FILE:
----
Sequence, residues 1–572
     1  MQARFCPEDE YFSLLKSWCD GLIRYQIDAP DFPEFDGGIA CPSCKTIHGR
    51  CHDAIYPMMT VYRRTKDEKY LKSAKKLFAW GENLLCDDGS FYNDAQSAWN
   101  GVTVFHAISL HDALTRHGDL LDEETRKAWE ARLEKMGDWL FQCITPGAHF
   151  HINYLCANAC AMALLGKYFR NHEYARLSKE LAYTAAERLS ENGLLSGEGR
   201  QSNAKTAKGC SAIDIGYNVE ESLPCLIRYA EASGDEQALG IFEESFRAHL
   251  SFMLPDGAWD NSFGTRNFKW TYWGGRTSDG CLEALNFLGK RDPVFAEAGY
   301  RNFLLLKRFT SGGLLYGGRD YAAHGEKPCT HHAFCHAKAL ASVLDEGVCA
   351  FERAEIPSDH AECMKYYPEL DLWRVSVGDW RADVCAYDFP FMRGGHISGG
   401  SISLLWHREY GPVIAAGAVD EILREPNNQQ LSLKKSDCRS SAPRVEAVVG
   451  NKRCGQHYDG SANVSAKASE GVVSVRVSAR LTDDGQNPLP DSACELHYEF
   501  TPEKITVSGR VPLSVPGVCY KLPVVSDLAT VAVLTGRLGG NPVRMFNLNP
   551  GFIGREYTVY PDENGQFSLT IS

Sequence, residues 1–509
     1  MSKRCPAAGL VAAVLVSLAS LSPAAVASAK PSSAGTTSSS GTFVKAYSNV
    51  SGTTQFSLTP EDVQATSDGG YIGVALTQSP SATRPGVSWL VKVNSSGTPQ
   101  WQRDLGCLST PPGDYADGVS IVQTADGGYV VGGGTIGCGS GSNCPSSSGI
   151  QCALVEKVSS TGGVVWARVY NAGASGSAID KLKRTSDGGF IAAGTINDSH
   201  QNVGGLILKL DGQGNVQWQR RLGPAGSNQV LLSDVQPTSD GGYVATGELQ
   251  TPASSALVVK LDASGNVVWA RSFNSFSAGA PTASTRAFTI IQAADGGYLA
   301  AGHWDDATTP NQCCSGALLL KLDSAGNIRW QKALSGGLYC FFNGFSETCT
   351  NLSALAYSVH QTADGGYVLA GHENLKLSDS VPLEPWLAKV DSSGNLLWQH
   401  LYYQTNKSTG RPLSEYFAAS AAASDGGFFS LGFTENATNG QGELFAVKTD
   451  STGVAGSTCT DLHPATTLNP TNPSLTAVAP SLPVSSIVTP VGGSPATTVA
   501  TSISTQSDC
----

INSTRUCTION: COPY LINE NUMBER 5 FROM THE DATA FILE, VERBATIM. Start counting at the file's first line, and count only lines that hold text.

   151  HINYLCANAC AMALLGKYFR NHEYARLSKE LAYTAAERLS ENGLLSGEGR